Success in Innovation - Changing Tech and People
With innovation, all attention and spotlights go to the tech involved. But from what I have seen, most of the time and effort spent goes to the people involved instead. Changing people and their narrative is a game of endurance.
“you need to change both tech and people”
Looking back at my last string of projects, the tech part was roughly 20% of the work. Educating and convincing people it would work and add value was the remaining 80%. It truly resembles the balance of Pareto. With the exception that ultimately for innovation to be successful, you need to change both tech and people.
With tech things are relatively simple; it either works, or it doesn’t. And when it doesn’t, you can research what needs to be done to change that. Change the design with your findings, or conclude that it will never work this way.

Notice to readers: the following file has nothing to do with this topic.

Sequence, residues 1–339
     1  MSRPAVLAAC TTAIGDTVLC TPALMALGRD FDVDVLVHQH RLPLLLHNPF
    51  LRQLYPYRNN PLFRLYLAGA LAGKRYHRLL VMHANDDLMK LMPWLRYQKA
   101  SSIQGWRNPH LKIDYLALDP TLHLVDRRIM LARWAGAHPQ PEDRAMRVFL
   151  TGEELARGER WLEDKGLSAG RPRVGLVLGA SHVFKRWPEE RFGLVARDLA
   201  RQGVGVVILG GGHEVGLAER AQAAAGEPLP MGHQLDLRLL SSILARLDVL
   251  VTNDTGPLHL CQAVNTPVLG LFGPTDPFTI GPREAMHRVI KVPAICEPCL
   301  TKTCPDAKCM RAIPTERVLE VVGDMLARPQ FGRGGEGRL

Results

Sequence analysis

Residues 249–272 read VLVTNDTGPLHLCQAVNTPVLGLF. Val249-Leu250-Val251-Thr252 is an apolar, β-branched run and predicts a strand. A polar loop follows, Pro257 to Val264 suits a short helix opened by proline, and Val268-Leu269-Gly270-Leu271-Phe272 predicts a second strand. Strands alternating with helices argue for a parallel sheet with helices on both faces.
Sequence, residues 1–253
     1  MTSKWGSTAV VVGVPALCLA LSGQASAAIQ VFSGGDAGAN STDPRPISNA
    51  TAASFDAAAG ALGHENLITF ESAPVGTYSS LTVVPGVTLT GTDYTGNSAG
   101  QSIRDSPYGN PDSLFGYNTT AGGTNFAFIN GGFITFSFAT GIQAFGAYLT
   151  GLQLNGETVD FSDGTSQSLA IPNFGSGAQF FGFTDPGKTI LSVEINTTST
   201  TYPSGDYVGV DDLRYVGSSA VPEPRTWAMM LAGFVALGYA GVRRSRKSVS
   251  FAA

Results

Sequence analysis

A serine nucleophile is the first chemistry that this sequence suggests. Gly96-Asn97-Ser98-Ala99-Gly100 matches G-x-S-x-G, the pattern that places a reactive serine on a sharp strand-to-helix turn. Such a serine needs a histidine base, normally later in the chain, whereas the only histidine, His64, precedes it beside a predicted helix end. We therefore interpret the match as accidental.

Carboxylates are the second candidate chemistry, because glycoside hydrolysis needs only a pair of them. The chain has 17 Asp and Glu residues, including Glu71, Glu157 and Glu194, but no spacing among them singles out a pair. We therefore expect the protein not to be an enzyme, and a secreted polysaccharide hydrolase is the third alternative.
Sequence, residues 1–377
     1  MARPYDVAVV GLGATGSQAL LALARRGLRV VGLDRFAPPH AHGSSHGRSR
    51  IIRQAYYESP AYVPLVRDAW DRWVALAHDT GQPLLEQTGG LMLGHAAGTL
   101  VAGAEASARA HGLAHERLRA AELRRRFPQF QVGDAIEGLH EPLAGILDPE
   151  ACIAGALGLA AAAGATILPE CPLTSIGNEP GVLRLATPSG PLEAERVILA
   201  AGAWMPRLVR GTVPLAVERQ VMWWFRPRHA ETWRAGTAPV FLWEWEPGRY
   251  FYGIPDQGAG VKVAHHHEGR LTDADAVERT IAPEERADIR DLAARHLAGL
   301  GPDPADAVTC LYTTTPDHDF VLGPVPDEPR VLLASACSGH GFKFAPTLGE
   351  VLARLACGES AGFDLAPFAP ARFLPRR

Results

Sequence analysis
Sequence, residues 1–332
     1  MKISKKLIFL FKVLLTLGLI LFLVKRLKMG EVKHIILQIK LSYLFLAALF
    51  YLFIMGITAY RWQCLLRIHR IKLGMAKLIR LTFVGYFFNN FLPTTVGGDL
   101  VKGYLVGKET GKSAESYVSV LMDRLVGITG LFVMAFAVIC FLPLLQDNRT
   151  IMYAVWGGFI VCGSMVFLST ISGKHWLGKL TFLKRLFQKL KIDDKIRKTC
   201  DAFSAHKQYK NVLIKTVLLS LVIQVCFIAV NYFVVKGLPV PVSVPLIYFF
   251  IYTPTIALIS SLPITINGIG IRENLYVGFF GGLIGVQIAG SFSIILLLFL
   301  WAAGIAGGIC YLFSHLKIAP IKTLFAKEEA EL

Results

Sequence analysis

With people come different dynamics. Current stakes and interests. Their status quo providing an incentive not to buy into a new development. Fear of losing something, or sharing data and information that were considered ‘Top Secret’ in a previous life.
Having read two of the books by Yuval Noah Harari, ‘Homo Sapiens’ and ‘Homo Deus’ the uniting force for people is the narrative. It is a narrative that motivates people to behave in a certain way or to buy into something. The narrative can be like a religion, or something defining good and evil. From Seth Godin’s description of tribes comes the “People like us do things like this”.
“People like us do things like this” - Seth Godin
The shared narrative is very strong. And therefore also hard to change, just consider the time it took for one global narrative to replace the previous. For my projects the 80% probably means I had an easy crowd or just small mindshift.